Violence is not inevitable, but only if we square up to the fact that it was and is never justified.

27 June 2012 17:29  
Blogger Office of Inspector General said...

Your Grace. An excellent post, and testimony to the popularity of this site. Well done Sir.

27 June 2012 18:20  
Blogger David Lindsay said...

Yesterday, the Queen and Cardinal Brady effectively endorsed each other. How could broadly the same constituency possibly get rid of either of them after this?

Not that almost anyone in it wants to have in theory the same finance ministry as Estonia or Cyprus, though in practice the finance ministry of Germany alone, anyway. Nor do they want to be charged every time that they visit the doctor or go into hospital. But the schools in the 26 Counties might very well turn out to be a different proposition, and by no means only for one side, once those in the Six Counties have been ruined by Sinn Féin.

Ah, yes, Sinn Féin. Rising radical party of the Left in the 26 Counties. Queen-greeting party of bourgeois cultural Nationalism in the Six Counties, where it is implementing exactly the policies against which it is campaigning on the rest of the island (much as the UUP implemented the policies of the Attlee Government at Stormont even while voting against them in accordance with the Conservative Whip at Westminster), keeping it in with the likes of Representative Peter King. What do they have in common? Once the practically knighted Adams and McGuinness generation is out of the way, then the organic split will be inevitable.

27 June 2012 18:37  
Blogger Office of Inspector General said...

David Lindsay. This might come as a surprise to you, but the people in the south of Ireland are much more attuned to politics than you give them credit for. They always have been, it’s now in the blood. They know full well what Sinn Fein are about. Unlike the average thicko Anglo-Saxon, they are not swayed by any newspaper banner headline ‘wot won it’...

27 June 2012 19:09  
Blogger Macira said...

I don't find myself very often disagreeing with His Grace, but this article is complete balderdash. He is writing as an Anglican rather than a Christian

27 June 2012 19:43  
Blogger AnonymousInBelfast said...

@OiG (19:09):

Thankfully, you are absolutely correct. Alas the "danger" of the Republic voting Sinn Fein is much more closely related to the fecklessness of their own political class.

Frankly, I don't blame them for wanting a protest vote, but in any case find the Republic's voting decisions entirely irrelevant to the constitutional status of Northern Ireland. If her citizens ever wish to leave the UK for a united Ireland it will be at the ballot box and by the wishes of the majority of the electorate, not that of the Oireachtas, Westminster, or the SF ard fheis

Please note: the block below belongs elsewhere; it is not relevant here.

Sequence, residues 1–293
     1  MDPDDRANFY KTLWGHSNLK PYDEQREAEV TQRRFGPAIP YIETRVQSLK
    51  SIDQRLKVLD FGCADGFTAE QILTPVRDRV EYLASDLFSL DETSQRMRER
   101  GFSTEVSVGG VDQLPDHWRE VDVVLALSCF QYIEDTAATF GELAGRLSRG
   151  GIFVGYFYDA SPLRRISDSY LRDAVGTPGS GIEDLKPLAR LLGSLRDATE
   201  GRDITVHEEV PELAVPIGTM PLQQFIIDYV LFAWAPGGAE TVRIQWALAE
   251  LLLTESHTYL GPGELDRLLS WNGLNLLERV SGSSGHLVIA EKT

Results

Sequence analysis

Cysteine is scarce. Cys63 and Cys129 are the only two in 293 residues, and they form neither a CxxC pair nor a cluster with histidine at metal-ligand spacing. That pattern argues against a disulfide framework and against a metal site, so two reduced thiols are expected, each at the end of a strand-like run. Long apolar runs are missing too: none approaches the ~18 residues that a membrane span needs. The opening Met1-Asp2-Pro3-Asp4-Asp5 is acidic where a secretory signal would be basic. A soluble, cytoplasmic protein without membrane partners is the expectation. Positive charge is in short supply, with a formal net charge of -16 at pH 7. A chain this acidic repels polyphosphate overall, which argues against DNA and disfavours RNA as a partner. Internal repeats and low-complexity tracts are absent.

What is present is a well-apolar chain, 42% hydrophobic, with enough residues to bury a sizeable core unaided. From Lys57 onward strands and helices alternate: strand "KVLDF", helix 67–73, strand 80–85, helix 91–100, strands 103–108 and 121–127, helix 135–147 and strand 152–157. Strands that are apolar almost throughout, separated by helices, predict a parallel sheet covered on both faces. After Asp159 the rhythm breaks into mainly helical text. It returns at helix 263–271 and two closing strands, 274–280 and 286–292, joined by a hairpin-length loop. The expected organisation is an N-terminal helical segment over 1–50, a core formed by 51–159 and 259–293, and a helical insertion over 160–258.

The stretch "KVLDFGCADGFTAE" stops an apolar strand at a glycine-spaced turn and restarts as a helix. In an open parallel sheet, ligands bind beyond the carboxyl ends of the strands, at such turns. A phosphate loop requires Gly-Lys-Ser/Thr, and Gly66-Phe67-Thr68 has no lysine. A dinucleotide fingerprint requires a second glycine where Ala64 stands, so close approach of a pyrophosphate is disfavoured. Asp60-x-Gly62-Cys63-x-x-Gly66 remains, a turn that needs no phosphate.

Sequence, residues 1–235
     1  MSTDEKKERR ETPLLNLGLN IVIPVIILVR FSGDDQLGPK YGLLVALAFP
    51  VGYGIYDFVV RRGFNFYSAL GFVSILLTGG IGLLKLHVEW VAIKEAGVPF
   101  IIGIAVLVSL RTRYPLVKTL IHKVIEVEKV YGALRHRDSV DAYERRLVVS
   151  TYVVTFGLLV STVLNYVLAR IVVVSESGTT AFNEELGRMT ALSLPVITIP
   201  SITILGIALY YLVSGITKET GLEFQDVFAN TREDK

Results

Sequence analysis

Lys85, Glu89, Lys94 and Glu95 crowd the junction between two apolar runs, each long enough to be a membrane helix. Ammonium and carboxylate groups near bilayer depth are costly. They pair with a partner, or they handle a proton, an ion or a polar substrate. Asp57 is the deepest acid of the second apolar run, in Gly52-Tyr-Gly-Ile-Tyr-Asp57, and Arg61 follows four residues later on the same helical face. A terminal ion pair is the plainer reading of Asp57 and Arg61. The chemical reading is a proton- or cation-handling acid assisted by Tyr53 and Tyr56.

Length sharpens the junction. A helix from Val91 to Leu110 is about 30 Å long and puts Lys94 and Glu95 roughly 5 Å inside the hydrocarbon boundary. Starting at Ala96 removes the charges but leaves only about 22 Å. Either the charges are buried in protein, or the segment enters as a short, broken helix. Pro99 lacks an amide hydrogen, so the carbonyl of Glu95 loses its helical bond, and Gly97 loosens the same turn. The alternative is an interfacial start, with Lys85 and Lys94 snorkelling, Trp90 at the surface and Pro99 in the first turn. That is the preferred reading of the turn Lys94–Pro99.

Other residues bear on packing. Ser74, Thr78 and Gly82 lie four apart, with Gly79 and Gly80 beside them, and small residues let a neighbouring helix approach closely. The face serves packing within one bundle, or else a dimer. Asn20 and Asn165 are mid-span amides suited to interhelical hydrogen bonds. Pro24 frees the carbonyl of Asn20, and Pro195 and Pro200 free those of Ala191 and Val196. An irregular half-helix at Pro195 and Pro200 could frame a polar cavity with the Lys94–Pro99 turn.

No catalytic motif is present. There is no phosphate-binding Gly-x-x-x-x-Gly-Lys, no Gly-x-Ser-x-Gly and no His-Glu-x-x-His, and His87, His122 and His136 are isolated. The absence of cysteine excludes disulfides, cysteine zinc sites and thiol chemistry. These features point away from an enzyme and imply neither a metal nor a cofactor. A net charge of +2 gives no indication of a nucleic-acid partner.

27 June 2012 20:02  
Blogger len said...

'Blessed are the Peacemakers.'

There are precious few 'Peacemakers' in our violent strife torn World.

27 June 2012 20:03  
Blogger ECusick said...

I like the way Seinn Fein oppose the austerity measures but want a united Ireland, I guess economics was never their strong point.

27 June 2012 20:07  
Blogger Office of Inspector General said...

There is a third way. The south re-joining the UK with a devolved parliament for all Ireland in Dublin, and the Queen as head of state. Exactly what was asked for and denied in centuries past. Ask the south, you might be surprised at the answer...

27 June 2012 20:18  
Blogger The Way of Dodo the Dude said...

Macira said ...
"He" (Mr Cranmer) "is writing as an Anglican rather than a Christian."

There's a difference? Care to elaborate?

I take it your brand of Christianity is of the Presbyterian - "no surrender" - persuasion. Left to this spirit we'd still be amidst terrorism in Northern Ireland.

What approach would you prefer?

27 June 2012 20:20  
Blogger Office of Inspector General said...

Of course, there would have to be certain demographic controls in place. The Inspector would not like to see his beloved Ireland overrun with negro gangs and Asian heroin dealers. Best keep those types in English cities. English problem. They deal with it...

27 June 2012 20:34  
Blogger Sam Vega said...

"Baring" rather than "bearing" her soul. Her Majesty's soul is anything but heavy.

27 June 2012 20:38  
Blogger AnonymousInBelfast said...

OiG:

There's a certain irony in your last post (20:34) when it's contrasted with your contribution in the other thread (@18:42).

"Who knows. One day McGuinness might become as popular in GB as that beloved ex-terrorist Mandela. But don’t put money on it. Mandela wasn’t a Catholic mick, was he..."

He also wasn't racist; not just in the sense of fighting against white domination, but also in refusing black domination.

27 June 2012 20:42  
Blogger Office of Inspector General said...

Belfast. Events may overtake his views. The only reason that South Africa hasn’t joined the general trend of post colonial countries in swilling downwards in the pan is that at the moment the ‘majority’ government has the good sense to keep the whites on board. All it takes is one clever black to climb to the top, tapping into black racial prejudice of course. You didn’t think that Mugabe was a one off, by any chance ?

27 June 2012 20:52  
Blogger AnonymousInBelfast said...